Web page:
The most commonly used medications are methimazole and propylthiouracil.
Potential side effects linked with the use of these drugs are joint pain, rash, reduced level of disease-fighting white blood cells, and liver failure.
Along with anti-thyroid medications, patients with Graves’ disease may also be instructed to take beta blockers.
They function to reduce symptoms of hyperthyroidism including rapid heartbeat, tremors, and nervousness. It goes without saying that beta blockers have no influence on hormone production.
The surgical procedure is recommended to patients who don’t experience relief from other treatment options.
The surgery includes removing all or a part of the thyroid. After the procedure, patients are required to supply their body with sufficient level of thyroid hormones. There are some risks with this treatment as well.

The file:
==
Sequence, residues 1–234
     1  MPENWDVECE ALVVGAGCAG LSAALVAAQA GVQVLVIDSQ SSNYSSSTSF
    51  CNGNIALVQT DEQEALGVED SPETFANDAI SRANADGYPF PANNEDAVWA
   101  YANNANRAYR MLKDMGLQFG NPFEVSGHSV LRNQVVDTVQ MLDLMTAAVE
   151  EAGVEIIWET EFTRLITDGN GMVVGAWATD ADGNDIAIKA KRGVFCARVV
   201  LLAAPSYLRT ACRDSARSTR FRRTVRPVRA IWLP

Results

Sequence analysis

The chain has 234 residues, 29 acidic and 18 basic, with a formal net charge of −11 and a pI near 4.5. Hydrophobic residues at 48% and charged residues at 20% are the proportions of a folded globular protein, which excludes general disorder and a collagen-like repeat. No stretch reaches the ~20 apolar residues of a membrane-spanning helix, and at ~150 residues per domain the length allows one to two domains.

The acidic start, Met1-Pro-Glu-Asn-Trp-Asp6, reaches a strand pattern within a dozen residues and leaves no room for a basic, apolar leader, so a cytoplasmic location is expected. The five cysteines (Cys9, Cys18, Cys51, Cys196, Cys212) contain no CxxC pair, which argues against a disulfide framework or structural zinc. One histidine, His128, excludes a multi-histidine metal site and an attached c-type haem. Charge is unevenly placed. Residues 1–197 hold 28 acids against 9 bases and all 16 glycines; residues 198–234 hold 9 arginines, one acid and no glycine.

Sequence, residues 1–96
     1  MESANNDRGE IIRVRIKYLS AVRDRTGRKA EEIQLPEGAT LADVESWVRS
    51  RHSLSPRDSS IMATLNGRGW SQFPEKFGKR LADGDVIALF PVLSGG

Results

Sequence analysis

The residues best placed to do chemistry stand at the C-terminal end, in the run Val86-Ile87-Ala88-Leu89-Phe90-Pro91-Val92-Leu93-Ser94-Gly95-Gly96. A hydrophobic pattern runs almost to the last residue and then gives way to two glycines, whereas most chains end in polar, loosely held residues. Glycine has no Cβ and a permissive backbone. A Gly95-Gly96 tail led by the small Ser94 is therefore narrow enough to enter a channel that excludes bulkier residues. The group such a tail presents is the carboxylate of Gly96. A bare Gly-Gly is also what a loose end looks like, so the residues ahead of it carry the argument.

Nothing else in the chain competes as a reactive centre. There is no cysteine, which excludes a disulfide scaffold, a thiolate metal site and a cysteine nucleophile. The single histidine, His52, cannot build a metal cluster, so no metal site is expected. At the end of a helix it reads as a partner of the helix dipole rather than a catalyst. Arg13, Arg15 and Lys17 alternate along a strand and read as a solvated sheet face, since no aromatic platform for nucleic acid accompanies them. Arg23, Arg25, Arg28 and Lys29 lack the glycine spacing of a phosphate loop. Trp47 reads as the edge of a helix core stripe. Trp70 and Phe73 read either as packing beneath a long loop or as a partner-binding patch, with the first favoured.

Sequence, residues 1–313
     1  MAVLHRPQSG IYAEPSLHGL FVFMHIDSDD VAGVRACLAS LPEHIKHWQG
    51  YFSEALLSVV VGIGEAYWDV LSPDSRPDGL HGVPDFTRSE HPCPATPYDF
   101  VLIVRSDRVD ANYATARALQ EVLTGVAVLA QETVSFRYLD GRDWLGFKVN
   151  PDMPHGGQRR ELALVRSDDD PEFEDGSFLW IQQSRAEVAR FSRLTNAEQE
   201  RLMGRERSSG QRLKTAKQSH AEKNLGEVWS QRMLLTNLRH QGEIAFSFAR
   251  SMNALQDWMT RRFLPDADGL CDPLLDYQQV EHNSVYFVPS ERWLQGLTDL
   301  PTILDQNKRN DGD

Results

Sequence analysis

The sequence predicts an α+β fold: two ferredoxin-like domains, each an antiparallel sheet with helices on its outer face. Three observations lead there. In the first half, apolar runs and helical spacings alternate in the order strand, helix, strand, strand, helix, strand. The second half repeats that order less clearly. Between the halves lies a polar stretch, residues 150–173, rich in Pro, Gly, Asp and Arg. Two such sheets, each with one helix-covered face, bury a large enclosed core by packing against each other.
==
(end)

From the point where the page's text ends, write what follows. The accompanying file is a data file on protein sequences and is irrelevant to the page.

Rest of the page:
The surgery carries a potential side effect which includes damaged nerve that regulates parathyroid glands (tiny glands next to thyroid) and your vocal cords.
As seen above, patients who suffer from Graves’ disease may also struggle with eye problems.
During the day, mild ophthalmopathy can be treated with eye drops, available in all pharmacies and drugstores in over-the-counter form, and at night the use of lubricating gels is recommended. For more severe symptoms, the physician may suggest:
- Corticosteroids to reduce swelling behind the eyeballs
- Orbital decompression – a surgery to remove the bone located between sinuses and the eye socket
- Orbital radiotherapy – involves X-rays to destroy a specific area of tissue behind eyes
- Prisms in glasses to correct double vision
Graves’ disease is a common autoimmune condition that leads to hyperthyroidism.
In fact, Graves’ is one of the most prevalent cause of hyperthyroidism in the US.